Focus on out-of-school children
New data on the world’s out-of-school children reveal little or no progress for more than a decade, with about 258 million children, adolescents and youth out of school in 2018: around one-sixth of the global population of this age group. Published by the UNESCO Institute for Statistics (UIS), the data reinforce concerns about the prospects of reaching global education targets by 2030.
While the number appears to have dropped from 262 million in 2017 as reported last year, the fall is largely due to a methodological change in the way the indicators are calculated. Children of primary school age who are in pre-school, who were previously included in the total, are no longer counted as being out of school.*
Our most important data release of the year
The latest figures are part of the annual UIS education data release, which includes 33 of the 43 global and thematic SDG 4 indicators. The UIS has updated its global education database for the school year ending in 2018, which includes historical time series, regional averages and indicators on key policy issues related to school access, participation and completion by education level, learning outcomes, equity, teachers and education financing (see our paper on the release). Population-based indicators, such as out-of-school children and enrolment rates, have been revised for all years using the 2019 Revision of World Population Prospects of the United Nations Population Division. Education indicators based on economic data have been also updated using the most recent 2019 data produced by the International Monetary Fund (IMF) and the World Bank.
For the first time, the UIS is publishing SDG indicator 4.2.3: percentage of children under 5 years experiencing positive and stimulating home environments. Based on a methodology approved by the Technical Cooperation Group on the Indicators for SDG 4 (TCG), the UIS has produced this indicator using household survey data mainly for low- and middle-income countries.
No progress in reducing out-of-school rates
The new data on out-of-school children also highlight the gap between the world’s richest and poorest countries (see table below). According to UIS data, 19% of primary age children (roughly 6 to 11 years old) are not in school in low-income countries, compared to just 2% in high-income countries. The gaps grow even wider for older children and youth. About 61% of all youth between the ages of 15 and 17 are out of school in low-income countries compared to 8% in high-income countries.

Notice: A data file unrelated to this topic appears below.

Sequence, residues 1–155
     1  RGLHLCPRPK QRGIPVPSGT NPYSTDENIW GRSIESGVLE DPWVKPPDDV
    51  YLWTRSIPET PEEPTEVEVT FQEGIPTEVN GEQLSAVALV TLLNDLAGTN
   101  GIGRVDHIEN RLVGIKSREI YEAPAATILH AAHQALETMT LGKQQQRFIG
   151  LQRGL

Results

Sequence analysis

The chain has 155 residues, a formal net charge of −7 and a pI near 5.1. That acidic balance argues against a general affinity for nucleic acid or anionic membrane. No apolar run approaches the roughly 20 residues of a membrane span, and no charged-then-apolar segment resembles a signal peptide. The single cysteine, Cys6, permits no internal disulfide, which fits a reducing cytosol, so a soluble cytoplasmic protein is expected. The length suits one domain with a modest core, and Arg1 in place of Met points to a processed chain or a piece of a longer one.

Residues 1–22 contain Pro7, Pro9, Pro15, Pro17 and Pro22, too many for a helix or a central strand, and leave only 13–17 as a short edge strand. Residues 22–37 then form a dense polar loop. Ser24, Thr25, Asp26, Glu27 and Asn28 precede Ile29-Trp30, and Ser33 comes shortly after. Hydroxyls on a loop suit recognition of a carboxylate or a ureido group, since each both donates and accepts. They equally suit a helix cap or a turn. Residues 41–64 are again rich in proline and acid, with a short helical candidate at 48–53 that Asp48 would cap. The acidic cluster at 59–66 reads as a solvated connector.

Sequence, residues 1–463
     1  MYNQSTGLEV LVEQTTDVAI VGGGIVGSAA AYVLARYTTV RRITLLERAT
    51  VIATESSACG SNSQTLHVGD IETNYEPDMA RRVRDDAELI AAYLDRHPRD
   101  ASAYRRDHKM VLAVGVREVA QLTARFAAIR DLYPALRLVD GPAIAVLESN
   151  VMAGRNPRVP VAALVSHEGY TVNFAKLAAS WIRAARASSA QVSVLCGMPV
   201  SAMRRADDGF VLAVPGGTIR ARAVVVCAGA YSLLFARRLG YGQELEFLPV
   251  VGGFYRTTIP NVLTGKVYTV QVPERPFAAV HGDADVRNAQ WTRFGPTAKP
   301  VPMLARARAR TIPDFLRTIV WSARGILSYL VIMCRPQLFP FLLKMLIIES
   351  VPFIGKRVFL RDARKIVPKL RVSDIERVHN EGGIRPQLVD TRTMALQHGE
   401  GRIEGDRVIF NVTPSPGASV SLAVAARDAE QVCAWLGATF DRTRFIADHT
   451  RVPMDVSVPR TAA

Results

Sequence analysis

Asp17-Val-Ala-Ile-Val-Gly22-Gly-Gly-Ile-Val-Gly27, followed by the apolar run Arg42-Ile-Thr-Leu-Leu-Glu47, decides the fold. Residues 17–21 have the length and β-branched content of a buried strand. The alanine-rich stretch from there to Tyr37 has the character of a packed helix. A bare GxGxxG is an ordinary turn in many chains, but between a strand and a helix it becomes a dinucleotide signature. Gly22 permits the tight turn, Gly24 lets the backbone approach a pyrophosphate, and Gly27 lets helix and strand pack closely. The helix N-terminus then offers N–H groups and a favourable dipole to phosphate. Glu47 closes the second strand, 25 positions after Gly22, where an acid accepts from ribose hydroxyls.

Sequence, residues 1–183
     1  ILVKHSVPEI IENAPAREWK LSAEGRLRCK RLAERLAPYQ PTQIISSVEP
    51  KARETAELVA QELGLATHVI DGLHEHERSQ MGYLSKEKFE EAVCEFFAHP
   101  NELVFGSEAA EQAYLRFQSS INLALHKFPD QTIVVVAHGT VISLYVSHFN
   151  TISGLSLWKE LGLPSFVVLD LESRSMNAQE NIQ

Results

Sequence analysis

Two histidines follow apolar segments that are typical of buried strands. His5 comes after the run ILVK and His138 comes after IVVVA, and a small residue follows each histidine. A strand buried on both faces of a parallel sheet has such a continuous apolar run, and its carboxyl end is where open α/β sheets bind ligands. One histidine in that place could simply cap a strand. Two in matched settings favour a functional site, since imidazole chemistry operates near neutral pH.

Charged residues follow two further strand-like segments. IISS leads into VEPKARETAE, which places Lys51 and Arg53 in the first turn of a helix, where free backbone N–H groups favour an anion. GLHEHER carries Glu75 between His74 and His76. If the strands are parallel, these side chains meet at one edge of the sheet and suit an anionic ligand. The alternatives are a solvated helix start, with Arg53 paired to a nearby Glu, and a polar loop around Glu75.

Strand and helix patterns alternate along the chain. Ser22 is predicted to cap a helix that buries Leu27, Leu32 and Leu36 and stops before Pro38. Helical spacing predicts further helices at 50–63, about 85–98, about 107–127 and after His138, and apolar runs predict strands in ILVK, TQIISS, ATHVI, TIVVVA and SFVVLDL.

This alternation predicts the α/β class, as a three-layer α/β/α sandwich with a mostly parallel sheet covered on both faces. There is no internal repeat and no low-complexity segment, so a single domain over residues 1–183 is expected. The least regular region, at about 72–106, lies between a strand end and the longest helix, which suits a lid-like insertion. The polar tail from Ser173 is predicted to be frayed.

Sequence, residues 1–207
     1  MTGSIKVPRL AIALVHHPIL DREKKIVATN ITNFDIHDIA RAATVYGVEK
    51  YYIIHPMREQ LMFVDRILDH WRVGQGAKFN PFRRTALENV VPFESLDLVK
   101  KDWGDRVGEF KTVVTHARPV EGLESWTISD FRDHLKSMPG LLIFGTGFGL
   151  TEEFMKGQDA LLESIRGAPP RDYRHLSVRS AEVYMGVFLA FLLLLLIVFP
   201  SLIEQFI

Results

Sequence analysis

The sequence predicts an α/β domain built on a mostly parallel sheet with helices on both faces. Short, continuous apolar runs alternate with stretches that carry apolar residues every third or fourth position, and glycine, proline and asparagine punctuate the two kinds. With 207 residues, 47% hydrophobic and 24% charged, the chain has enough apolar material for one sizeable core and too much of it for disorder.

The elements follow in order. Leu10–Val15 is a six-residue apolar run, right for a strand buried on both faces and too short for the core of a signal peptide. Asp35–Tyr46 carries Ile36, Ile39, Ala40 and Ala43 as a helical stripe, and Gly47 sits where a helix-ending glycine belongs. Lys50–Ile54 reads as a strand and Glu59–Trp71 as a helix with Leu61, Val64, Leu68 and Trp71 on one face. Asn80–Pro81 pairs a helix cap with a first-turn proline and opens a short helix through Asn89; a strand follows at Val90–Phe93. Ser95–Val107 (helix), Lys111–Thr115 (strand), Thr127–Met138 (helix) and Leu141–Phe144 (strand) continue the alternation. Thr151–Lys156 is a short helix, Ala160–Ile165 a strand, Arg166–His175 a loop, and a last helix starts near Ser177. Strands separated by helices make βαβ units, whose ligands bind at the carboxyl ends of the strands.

Notes: GPIA = adjusted gender parity index (female/male out-of-school rate). Male and female out-of-school numbers may not add up to the total number because of rounding. Source: UNESCO Institute for Statistics database.
Girls continue to face the greatest barriers. According to UIS data, 9 million girls of primary school age will never spend a day in school compared to about 3 million boys. In sub-Saharan Africa, which has the highest rates and numbers of out-of-school children, 4 million girls will never set foot in a classroom compared to 2 million boys.
As the custodian agency for SDG 4 data, the UIS has released the new data to inform discussions at the UN General Assembly, which will begin meeting on 17 September in New York from to examine progress towards the SDGs and the funding needed to achieve them. The data demonstrate the pressing need for more action to reach the still achievable goal of a quality education for all, and for more and better data to monitor progress on education access, completion and quality.
Until recently, all children of primary age (roughly 6 to 11 years) who were not enrolled in primary or secondary school were counted as being out of school. This included primary-age children who were still enrolled in pre-primary education. By removing this relatively small group of children (most of them in high-income countries), the total number of out-of-school children of primary age has been reduced by about 4.6 million.
*Until recently, all children of primary age (roughly 6 to 11 years) who were not enrolled in primary or secondary school were counted as being out of school. This included primary-age children who were still enrolled in pre-primary education. By removing this relatively small group of children (most of them in high-income countries), the total number of out-of-school children of primary age has been reduced by about 4.6 million.